• New Hampshire should consider establishing a primitive campsite at Chase Island; identify possible archeological or natural heritage inventory sites and confer with appropriate agencies on siting and management plans

Departments of Agriculture and Forestry should:

  • encourage state legislatures to propose measures to reduce the impact of insurance costs on agriculture and silviculture
  • increase use of best/acceptable management practices for agriculture and forestry, and provide information on sources of funding to help carry them out
  • educate the public about the value of locally-produced foodstuff
  • discourage logging on steep slopes near the river
  • enforce slash cutting laws on riverbanks
  • encourage small part-time farming as a viable form of agriculture; utilize financial programs, markets, and educational tools
  • educate the public and current and would-be local farmers about the concept of community- supported agriculture ("CSAs")
  • keep agricultural infrastructure strong (seed and equipment dealers; auction houses; slaughterhouses)
  • put farms in direct contact with tourism boards and tour companies; increase awareness of farm tourism
  • ensure hydro-dams release enough water during droughts to support agriculture
  • offer financial incentives for improvements
  • stimulate grower cooperatives
  • New Hampshire expand its agricultural marketing program
  • New Hampshire develop best management practices for irrigation
  • states cooperate more closely in the Connecticut River Valley

Department of Safety Services should:

  • increase enforcement of boating speed laws

Tourism and Recreation agencies should:

  • educate visitors to the region
  • state tourism offices should cooperate more closely for tourism in the river valley
  • Vermont should better maintain the portable toilet facilities at its river access points
  • increase parking facilities at access points
  • provide limited signage at river access points which is aesthetically in keeping with the rural nature of the region
  • improve bicycling safety
  • monitor use and establish more primitive campsites and cartop boat access after checking for presence of archeological resources and rare species

Transportation agencies should:

  • work with state historic preservation offices to establish fund for maintenance of historic bridges, protect stone walls, and expand opportunities for archeological investigations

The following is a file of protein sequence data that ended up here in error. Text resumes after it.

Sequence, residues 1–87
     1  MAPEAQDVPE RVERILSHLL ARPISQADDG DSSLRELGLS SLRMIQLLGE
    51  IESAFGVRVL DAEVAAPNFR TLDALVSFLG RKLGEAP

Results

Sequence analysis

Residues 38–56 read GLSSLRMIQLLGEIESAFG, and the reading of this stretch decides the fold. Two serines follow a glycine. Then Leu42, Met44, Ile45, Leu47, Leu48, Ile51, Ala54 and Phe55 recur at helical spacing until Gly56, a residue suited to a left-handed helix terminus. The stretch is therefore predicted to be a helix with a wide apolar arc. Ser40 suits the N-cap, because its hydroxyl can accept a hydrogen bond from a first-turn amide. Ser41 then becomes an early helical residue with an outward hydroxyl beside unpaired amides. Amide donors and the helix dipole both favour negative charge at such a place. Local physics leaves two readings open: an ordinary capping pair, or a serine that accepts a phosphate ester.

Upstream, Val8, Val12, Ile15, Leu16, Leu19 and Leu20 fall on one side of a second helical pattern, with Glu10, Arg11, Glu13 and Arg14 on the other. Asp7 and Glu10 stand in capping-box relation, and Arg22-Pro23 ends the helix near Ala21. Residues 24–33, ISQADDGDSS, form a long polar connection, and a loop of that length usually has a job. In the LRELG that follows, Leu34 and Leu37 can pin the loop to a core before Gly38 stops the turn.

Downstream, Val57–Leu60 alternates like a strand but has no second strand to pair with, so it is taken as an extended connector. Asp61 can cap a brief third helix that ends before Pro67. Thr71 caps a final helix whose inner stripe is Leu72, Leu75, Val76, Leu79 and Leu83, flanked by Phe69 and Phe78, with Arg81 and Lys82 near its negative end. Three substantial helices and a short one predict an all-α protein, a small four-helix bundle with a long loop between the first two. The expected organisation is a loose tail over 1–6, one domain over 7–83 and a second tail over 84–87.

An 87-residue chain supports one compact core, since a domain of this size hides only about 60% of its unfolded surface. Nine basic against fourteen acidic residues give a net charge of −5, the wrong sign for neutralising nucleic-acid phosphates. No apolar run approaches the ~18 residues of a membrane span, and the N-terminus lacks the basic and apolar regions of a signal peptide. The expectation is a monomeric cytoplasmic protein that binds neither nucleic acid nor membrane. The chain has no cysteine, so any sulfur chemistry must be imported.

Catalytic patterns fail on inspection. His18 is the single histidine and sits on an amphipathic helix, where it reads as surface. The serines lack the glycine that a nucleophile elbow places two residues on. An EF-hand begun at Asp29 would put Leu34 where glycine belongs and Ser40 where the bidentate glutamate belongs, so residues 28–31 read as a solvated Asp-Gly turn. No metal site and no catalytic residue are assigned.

• minimize investments in structures such as roads within the flood plain and flowage rights

Historic Resources agencies should:

  • expand opportunities for archeological investigations; consider establishing archeology programs at state universities

TOWNS should:

  • discourage building and any public investment in the flood plain and New England Power flowage rights
  • support the maintenance of natural features along the river; discourage development from affecting the scenic view from the river; discourage construction too close to the river
  • both master plans and regulations should direct the town to carefully consider any irreversible, detrimental use of the corridor's natural and scenic features
  • adopt provisions of the New Hampshire Comprehensive Shoreland Protection Act as minimum protection for the river corridor and consider adopting stronger regulations for development in the corridor such as greater setbacks, minimum lot sizes, minimum frontage requirement, height restrictions on building, and cluster development
  • ensure that tax policy encourages agricultural use of land; note that agricultural land costs towns far less than residentially developed land in terms of services such as education, road maintenance, and fire and police protection
  • undertake a Land Evaluation and Site Assessment to map and protect soils of agricultural significance, and incorporate it in their master plans
  • take measures to discourage the loss or conversion of any farm, woodland or open land
  • consider increasing the minimum setbacks for on-site sewage disposal in order to preclude exposure of leach fields by erosion
  • avoid storing salt on their aquifers and adopt ordinance restricting salt use; avoid dumping snow in river
  • discourage wetland impacts
  • interview senior citizens to discover locations of old dumps and underground tanks
  • consider developing a river conservation district and other provisions which protect natural communities and rare species populations along the river
  • consider creating a wetlands overlay district to help address flood control
  • encourage cooperation and local partnerships among private landowners and non-profit organizations which can provide assistance in preserving and maintaining natural communities
  • develop management plans for town-owned conservation areas
  • learn about species of concern within the town
  • encourage landowners and road agents to use vegetative bank stabilization and minimize use of riprap and other "hard" solutions where bank erosion is a problem
  • monitor use and establish more primitive campsites and cartop boat access after checking for presence of archeological resources and rare species
  • Windsor and Plainfield should study appropriate locations for foot and cartop boat access
  • discourage construction of new power boat launches in Macrosite area
  • discourage construction of new marinas on the river
  • discourage littering and vandalism at access points
  • take action to control riverbank dumping where it is a problem; Windsor should take action to clean up dump on its riverbank
  • encourage recycling of industrial sites to relieve development pressure on agricultural lands
  • encourage commercial development in existing locations in downtown areas to help preserve historic land uses and structures
  • adopt sediment and erosion control guidelines
  • avoid commercialization and loss of historic character. Allowing multiple uses in historic structures in their village districts will permit use of such structures to be economically feasible and preserve the traditional center of activity.